The Walkerville Weekly Reader

National Desk: Hard-hitting journalism from your completely un-biased (pinky swear!) reporters in Walkerville, VA.

Walkerville, VA
Monday, November 20, 2017
Carolyn Purcell, Editor

Agents Seize U.S. Education System

Police chief, “shocked” at levels of drug use on American campuses, will seize U.S. educational system under federal asset forfeiture laws. DEA says medical marijuana states also at risk of seizure.

Dover, New Hampshire police chief William Fenniman announced yesterday that as part of “Operation Home School” they would be pushing U.S. Attorney Jean Weld to seize all college campuses in the United States, “except perhaps Yale. Yale doesn’t have any drugs.”

According to Fenniman, colleges are “admitting students known to have used recreational drugs in the past.” While college presidents have said that this is a rehabilative choice, Fenniman responded that it is not in America’s best interest to turn these lives around. “We cannot have drug users become successful,” said Fenniman. “It undermines the drug war when potheads can actually get a college education--and succeed at it.” Fenniman said the police wouldn’t mind so much if drug users were failing college, but apparently “they do just as well as anyone else.”

According to Fenniman, the problem of successful drug addicts was first noticed during the Reagan administration, when First Lady Nancy Reagan decried “casual” drug users, users who looked like--and were--otherwise successful people. “We realized then that successful drug users were our worst enemy in the war on drugs,” said Fenniman, “because it made it look like we were lying when we said that using drugs was like frying your brain with a side of bacon.”

Jean Weld agreed. “We first tried to just shoot all successful drug users, but (former Los Angeles Police Chief) Darryl Gates ruined that strategy, so we switched to forcing drug users to become unsuccessful.” According to Weld, the first step in the new strategy to keep drug users from succeeding in normal society was to keep them out of college. “Thus, we passed a law forbidding financial aid to anyone convicted of using drugs in the past. This keeps them from gaining an education, and skews the statistics towards failure.”

The next step, according to Weld, was to “end the medical marijuana program and to block medical marijuana initiatives in the states.” Weld said that this makes those who need marijuana die. “When a drug user dies, it doesn’t matter that it was the lack of their medicine that caused them to die,” said Weld, “all that matters is that the statistics show another drug user dead.”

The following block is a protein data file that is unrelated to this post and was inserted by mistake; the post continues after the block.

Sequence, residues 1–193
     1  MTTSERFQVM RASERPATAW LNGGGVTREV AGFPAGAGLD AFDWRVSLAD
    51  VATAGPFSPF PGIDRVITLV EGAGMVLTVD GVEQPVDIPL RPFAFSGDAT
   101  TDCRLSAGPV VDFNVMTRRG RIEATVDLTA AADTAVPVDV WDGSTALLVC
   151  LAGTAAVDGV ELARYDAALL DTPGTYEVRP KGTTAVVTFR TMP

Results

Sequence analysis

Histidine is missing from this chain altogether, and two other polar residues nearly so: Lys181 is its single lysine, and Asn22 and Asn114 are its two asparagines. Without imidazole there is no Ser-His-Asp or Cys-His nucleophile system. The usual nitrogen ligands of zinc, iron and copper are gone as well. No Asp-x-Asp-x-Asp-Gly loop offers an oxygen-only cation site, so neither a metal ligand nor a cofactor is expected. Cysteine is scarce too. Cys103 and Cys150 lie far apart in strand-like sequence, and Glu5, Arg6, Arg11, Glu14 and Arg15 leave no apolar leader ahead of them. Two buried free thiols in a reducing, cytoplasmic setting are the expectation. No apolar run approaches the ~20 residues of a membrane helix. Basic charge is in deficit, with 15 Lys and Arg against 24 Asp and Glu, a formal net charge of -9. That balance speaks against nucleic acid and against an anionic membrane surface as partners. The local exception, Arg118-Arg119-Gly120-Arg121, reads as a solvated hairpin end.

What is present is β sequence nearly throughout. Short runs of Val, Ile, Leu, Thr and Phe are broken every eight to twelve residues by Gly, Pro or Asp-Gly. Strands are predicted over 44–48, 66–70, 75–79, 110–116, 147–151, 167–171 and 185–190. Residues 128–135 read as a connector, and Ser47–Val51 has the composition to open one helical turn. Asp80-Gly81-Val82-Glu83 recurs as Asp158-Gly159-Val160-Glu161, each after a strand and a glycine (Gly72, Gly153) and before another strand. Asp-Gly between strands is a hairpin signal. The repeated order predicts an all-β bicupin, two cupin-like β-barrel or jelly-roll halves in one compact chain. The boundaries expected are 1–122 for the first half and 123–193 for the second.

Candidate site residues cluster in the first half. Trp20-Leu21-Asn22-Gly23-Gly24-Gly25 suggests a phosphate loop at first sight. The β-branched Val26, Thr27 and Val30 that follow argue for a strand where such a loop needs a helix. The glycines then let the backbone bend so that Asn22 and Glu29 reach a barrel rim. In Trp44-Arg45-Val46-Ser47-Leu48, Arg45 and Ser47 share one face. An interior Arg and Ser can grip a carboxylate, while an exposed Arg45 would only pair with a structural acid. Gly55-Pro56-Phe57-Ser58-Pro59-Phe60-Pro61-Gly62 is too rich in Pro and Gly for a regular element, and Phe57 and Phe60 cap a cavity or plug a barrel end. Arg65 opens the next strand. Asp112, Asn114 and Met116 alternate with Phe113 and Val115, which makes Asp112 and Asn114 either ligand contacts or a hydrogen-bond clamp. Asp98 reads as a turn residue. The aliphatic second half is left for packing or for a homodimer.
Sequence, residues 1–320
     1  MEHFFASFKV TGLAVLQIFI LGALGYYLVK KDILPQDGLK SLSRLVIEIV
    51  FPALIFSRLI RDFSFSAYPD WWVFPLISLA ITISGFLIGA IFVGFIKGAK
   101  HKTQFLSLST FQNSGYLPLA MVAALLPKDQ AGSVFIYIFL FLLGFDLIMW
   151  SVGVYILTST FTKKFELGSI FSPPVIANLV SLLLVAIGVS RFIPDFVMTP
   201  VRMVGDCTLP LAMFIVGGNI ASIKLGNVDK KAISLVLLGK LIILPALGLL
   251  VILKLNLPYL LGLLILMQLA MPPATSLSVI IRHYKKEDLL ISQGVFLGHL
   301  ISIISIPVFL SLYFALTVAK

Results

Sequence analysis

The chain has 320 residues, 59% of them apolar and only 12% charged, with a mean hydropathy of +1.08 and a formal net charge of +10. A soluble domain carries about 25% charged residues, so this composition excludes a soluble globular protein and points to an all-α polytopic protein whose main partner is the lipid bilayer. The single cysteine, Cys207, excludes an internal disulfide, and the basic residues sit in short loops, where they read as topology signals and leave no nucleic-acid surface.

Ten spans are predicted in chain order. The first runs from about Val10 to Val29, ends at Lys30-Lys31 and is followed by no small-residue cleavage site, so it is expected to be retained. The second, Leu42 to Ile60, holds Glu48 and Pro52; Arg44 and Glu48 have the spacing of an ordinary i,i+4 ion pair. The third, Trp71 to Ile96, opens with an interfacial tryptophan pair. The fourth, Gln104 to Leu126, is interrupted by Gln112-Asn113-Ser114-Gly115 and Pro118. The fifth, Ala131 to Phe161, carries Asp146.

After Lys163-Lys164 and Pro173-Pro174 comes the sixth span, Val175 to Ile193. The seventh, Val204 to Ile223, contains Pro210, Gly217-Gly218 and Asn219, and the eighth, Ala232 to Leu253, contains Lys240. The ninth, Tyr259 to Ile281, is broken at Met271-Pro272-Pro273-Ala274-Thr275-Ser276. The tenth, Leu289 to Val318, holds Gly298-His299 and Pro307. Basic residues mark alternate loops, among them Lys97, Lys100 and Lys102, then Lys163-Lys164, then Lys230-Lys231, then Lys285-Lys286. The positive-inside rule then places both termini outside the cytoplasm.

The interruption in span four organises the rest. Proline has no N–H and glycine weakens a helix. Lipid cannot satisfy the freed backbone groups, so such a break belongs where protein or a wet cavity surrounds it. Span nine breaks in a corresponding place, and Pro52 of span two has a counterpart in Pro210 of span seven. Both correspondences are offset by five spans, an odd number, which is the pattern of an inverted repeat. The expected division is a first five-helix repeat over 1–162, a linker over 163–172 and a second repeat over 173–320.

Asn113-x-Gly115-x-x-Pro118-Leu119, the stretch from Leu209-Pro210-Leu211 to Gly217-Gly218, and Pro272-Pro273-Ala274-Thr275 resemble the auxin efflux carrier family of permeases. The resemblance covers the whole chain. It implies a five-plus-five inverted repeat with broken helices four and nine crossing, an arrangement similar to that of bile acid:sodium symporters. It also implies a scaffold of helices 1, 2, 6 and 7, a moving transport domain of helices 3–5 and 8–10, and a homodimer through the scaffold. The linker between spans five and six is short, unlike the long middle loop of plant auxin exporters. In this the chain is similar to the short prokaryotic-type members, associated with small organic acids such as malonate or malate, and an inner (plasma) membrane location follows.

“Our main weapon, however,” said Weld, “is, and continues to be, asset forfeiture and seizures.” Weld added that seizing schools was just another outgrowth of normal drug seizures. “We want to take away any possibility that drug users, or even potential drug users, might be able to educate themselves.”

Fenniman added that during their undercover operations at various college campuses, he was “surprised that so many students use recreational drugs. I’d say that at least 30% of college students have used illegal drugs at some point.” Fenniman said that this was clearly enough to justify the seizure of schools.

Ivy league spokesperson Harvey Cornell countered that “according to federal studies, 30% of everyone in the United States have used illegal drugs at some point.”

“Well, we can’t hardly seize the entire United States,” said Fenniman. “Where would we put it?”

DEA Agent Eric Stratton added while the whole United States was safe from seizure, “at least for now,” certain individual states were being targeted under RICO. “That students are guilty is an indictment of the educational system,” said Stratton, “and if the educational system is guilty, this is an indictment of the states that also allow drug use.”

Stratton said that just as drug users should not be allowed to educate themselves, sick drug users should not be allowed to get better. “Some states, such as California and Arizona, have been facilitating drug use by disgusting people,” said Stratton. “They are just as bad as the drug lords. Under RICO, they are drug lords. We’ll be seizing those states and taking control.”

When asked if this meant states whose voters enacted medical marijuana acts to assist sick people, Stratton replied “yes, sick, disgusting people. These are disgusting people who are not like you or me. It’s all just a ruse to get drugs. AIDS? Yuck. Disgusting.”

Yale spokesperson Ryan Sutherland countered the claim that Yale has no drugs with “we do so have drugs at Yale. Why, last summer, at band camp...”

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